As was shown earlier, there are several drawing devices that blind people have invented to show movement. Research has shown that these devices are meaningful to the sighted. As we saw before, these can be classified into context devices, postural devices, and additional graphics, as well as shape distortions. The reason why these devices work is because they rely on principles of communication in addition to principles of projection. An apt device may work because it takes something of what we know of language and the world and applies this knowledge to the drawing in an imaginative and systematic way. These devices are individual inventions created on the spot for very specific communicative purposes. They are not so much based on drawing skills but rather based on clever uses of communicative skills. They are based on the ingenuity of the artists, his own knowledge of the world, and his ability to predict what others are likely to understand from his communication.

Blind people are taught principles of communication from the time they learn to speak. There is no reason why blind people should not be encouraged to apply these skills in drawing.

It is not easy to teach children how to use metaphoric devices in drawing. This is because metaphoric devices rely so heavily on individual inventiveness. The same problem arises when trying to teach children uses of metaphor in language. There are a few common ones which most children have heard or read by high school. "Examples are, she has a heart of stone" and "He's a real snake." But, for the most part, good metaphors must be invented and the more clever they are the more apt they are likely to be.

The best that can be done here is to suggest a few which have been tested and seemed to work fairly well, with both blind and sighted adults alike.

Blind and sighted adults were shown drawings of five wheels. In each wheel the spokes were either curved, bent, wavy, dashed, or sticking out beyond the rim of the wheel. They were also given the following motion options for the wheels: spinning, jerky rotations, wobbling, too fast to make out, and brakes on. The task was to match each option with each drawing.

Fifteen blind and fifteen sighted subjects responded as follows:

The subjects agreed that the curved spokes were best at suggesting spin.

The bent spokes were best at suggesting jerky rotations.

The wavy lines were best at suggesting wobbling.

The extended lines were best at suggesting 'brakes on'.

You can try this exercise with blind and sighted children. With younger children it may be necessary to restrict the number of options.

Alternatively, you might want to ask children to invent their own metaphoric devices. For example, you may ask children to invent drawing devices for depicting a hand in pain. Or, you may ask them to try their hand at drawing bad-smelling garbage or imaginative solutions for these problems. These explorations in graphic communications will prove to be excellent catalysts for creativity and endless sources of excitement and wonder, both for you and your students.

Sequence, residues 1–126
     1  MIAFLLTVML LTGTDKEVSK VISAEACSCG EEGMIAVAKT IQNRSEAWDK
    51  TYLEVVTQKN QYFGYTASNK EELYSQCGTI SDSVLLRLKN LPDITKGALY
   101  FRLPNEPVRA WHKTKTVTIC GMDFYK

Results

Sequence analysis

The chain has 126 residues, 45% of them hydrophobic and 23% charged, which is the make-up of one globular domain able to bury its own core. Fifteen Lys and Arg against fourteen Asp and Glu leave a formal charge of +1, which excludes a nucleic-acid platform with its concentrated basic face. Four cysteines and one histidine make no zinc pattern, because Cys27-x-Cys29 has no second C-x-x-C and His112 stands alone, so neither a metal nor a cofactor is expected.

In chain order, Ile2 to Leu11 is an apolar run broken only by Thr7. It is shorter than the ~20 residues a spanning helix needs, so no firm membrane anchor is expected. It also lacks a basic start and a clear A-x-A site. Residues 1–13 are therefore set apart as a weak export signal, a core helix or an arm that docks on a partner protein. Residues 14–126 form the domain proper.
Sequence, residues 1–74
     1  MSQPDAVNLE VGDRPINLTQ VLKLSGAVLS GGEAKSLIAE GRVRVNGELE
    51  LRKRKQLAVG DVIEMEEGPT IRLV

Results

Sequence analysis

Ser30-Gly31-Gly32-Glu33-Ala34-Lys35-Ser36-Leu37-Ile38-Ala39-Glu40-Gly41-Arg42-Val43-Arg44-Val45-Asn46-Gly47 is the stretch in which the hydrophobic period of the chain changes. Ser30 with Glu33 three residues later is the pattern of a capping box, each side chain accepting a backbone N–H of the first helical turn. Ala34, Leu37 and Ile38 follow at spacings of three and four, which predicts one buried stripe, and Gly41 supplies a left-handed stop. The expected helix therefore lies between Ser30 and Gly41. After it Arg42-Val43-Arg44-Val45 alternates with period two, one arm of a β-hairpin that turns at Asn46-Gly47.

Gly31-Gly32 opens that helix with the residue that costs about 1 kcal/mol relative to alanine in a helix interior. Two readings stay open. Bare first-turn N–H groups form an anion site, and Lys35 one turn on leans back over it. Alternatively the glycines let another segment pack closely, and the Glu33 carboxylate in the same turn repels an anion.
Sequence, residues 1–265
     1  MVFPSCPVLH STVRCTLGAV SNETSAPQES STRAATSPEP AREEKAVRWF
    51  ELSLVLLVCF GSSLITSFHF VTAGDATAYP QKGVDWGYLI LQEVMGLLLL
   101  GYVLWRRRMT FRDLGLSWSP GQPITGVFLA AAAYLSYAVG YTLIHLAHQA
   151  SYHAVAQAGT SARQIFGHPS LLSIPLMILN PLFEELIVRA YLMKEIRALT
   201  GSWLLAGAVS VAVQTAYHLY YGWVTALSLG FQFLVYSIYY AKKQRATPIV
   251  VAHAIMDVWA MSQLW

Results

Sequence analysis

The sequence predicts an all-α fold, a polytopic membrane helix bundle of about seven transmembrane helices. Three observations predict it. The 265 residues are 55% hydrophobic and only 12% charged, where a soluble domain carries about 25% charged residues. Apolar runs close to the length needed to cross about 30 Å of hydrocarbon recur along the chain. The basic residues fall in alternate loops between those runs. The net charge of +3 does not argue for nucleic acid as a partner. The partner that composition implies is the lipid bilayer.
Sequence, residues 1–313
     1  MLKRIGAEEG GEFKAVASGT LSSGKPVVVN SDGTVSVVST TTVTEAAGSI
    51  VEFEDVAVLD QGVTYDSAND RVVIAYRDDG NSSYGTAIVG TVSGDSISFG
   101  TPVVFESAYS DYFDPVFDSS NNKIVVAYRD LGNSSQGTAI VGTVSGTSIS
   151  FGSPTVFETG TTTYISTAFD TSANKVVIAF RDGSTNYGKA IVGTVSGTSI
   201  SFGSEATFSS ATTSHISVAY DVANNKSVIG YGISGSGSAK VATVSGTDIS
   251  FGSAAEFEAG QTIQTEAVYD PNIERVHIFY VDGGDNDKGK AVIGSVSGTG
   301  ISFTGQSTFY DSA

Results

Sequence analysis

Concluding Remarks

The purpose of Lesson I was to show that a given drawing can stand for the same object, considered from different points of view. We saw that the drawing of the star tablecould be considered as having been drawn from no particular point of view, or as having been drawn from underneath.

The purpose of Lesson II was to show that a given object could be drawn from different points of view. A table could be drawn from the top, from the side, or from underneath. A different drawing would result in each case.

The purpose of Lesson III was to show that, through convergent perspective, a drawing can show what is near and what if far. We saw that principles of perspective could be easily understood by blind children, based on their own experience.

Lesson IV showed that when blind people are asked to draw events in a static picture, several types of devices are invented depending on the particular event. We saw that the devices are metaphoric because they are not to be taken literally. We saw that, although the devices are not literal, they are nonetheless effective. They are effective because they are based on principles of perception and communication. These principles use to advantage our common knowledge about the world. They are understood by the blind and the sighted alike.

Not much, so far, has been said about what to expect from children at different ages. It is difficult to specify exact ages at this point. All that can be said is that research suggests that the order of the lessons presented follows a developmental progression. Seven to eleven year olds would likely be more interested in Lessons I and II. Eleven to fifteen year olds would be interested in Lessons III and IV as well.

One final comment is in order here. The lessons that have been suggested here are simply guides. Use them as fruitfully as you can but do not be bound by them. Let your imagination interact with that of the child. The children are likely to teach you much more than you could even imagine. They will be proud of their accomplishments. They will also be particularly happy to realize that drawing can be, for them, just as much fun as it is for sighted children. For the younger children this will be enough. The older children will also be motivated by the problem solving aspects of drawing.

Drawings can be considered as problems to be solved. Just as many children enjoy working on models of toy cars, children can be encouraged to draw objects. The objects can be drawn from different vantage points or in different states over time. Objects can undergo different kinds of motion and these can also be challenging to depict.